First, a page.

Starting this Friday, pistol-permit owners in New York can opt-out from having their information made public as part of the NY Safe Act.

Permit owners can now elect to not have their information released as part of the NY Safe Act. The move was introduced following the publication of the names of gun owners in The Journal News, a Lower Hudson newspaper.

But Dan Sullivan, with the county's Office of Pistol Permit Licensing, says information about the program has been vague, leaving him looking for answers.

"We're getting dozens of calls a week from people who want to know how to do it, when they can do it and where they can do it," Sullivan said. "But, as the department head of the Oneida County Pistol License Office, I don't have one piece of official information that's been given to me from the state of New York."

Sullivan says the program looks like it may be geared toward people who have legitimate reasons to keep information private, like cops and other law enforcement officials. Average pistol-permit owners may be less able to take advantage of the program.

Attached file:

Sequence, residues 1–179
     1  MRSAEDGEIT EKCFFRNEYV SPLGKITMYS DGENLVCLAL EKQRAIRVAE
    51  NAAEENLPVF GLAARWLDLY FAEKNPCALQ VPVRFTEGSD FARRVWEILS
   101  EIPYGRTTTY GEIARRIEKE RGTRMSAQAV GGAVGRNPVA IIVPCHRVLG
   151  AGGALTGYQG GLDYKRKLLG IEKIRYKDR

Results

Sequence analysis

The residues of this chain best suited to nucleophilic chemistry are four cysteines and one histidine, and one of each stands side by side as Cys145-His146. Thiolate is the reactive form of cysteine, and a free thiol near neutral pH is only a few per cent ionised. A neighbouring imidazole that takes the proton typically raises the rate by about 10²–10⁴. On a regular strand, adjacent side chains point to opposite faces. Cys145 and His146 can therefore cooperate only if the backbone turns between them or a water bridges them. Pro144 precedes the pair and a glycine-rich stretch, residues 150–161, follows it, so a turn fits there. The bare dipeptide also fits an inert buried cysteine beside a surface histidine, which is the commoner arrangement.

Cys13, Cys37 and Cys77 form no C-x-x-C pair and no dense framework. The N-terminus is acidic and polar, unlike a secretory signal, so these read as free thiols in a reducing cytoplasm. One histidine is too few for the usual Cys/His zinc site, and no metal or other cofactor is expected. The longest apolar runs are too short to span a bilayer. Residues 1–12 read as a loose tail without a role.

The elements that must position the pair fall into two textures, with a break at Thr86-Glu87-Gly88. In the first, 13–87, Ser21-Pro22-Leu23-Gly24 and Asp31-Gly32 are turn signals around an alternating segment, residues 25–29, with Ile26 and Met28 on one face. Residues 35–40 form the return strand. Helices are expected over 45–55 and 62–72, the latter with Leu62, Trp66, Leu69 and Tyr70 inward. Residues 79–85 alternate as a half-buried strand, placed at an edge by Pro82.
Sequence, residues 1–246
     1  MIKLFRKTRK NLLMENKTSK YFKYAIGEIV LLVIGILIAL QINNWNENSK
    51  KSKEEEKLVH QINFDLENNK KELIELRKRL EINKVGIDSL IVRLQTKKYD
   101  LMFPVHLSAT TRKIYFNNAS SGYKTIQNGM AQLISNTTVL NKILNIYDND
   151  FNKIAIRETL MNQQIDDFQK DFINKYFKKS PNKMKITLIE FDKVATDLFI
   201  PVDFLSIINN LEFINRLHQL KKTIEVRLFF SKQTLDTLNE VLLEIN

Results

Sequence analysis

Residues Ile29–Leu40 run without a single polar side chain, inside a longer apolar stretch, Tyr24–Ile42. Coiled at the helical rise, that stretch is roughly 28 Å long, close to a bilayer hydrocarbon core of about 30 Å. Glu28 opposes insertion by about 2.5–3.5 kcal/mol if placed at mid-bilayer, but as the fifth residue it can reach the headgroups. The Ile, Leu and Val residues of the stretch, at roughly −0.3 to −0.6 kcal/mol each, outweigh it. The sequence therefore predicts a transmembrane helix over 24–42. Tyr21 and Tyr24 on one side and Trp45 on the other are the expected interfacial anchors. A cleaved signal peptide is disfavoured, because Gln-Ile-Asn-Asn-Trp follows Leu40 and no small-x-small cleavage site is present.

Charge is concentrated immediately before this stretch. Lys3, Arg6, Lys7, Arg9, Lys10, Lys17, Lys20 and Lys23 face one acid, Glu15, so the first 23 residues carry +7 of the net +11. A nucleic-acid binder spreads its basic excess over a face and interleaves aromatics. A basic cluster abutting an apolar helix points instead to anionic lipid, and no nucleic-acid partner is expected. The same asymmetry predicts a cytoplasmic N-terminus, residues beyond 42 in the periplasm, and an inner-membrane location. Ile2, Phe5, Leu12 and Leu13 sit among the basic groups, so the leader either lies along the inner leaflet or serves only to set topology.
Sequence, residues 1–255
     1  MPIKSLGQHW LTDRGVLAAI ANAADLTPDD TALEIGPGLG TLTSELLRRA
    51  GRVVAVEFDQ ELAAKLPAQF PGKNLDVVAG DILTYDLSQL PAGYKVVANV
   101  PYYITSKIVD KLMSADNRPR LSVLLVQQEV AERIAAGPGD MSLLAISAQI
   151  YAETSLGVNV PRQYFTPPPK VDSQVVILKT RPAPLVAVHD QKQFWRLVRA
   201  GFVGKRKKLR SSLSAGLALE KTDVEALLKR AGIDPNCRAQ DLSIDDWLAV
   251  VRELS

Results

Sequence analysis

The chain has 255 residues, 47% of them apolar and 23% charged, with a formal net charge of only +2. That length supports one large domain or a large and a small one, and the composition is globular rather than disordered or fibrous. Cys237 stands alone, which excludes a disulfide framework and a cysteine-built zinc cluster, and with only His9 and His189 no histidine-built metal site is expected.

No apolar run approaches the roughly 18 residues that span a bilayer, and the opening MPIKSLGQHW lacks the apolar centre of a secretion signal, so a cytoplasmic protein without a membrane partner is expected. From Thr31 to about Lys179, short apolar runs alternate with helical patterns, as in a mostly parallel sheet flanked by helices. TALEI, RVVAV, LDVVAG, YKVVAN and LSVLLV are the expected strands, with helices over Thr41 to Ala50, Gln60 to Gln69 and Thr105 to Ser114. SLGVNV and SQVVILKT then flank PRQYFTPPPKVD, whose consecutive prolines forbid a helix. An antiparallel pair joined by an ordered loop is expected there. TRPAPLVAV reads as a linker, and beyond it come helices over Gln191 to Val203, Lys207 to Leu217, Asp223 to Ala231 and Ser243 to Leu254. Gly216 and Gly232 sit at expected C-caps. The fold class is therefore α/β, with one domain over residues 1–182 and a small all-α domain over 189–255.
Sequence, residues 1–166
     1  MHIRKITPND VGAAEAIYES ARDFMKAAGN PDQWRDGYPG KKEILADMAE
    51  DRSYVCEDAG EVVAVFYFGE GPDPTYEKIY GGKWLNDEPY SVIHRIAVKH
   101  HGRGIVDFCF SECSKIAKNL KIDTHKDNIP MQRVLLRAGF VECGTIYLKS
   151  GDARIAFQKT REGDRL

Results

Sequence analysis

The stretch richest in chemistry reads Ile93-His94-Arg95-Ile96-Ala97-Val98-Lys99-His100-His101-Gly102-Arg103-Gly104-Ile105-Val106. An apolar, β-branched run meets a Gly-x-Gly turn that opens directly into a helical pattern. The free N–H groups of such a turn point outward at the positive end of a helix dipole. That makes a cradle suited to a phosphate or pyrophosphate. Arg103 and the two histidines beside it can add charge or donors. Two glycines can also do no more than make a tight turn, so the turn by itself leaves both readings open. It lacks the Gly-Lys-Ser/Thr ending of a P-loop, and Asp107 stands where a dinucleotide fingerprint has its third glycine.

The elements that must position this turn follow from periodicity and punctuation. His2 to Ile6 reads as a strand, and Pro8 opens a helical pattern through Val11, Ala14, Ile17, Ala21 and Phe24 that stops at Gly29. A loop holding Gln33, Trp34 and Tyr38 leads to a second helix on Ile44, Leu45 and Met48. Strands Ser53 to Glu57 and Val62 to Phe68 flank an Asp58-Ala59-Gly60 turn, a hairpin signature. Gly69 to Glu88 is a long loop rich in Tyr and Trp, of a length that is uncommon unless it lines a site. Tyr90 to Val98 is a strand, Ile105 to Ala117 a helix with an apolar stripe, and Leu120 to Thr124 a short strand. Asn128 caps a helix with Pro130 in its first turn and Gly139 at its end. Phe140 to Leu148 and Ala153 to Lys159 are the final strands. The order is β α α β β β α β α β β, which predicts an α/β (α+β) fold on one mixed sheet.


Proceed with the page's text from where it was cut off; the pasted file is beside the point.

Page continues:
"My understanding is that it's going to be based on reason," Sullivan said. "You can't opt-out simply because you want to. There has to be somebody like myself or somebody in law enforcement or in the District Attorney's office that says, 'I don't want people to have this information because I deal with the criminal element on a daily basis."

The 400 plus page law has a 79 page synopsis that Sullivan says he has read multiple times, yet he still has questions about how the program will be implemented and who will be involved.

He also found it shocking how few people were involved in the passage of the law itself.

"I just find it disturbing that a bill like this was passed without the input of law enforcement, and in particular, the pistol licensing offices," Sullivan said.

State Police were contacted regarding the program, but have yet to return phone calls.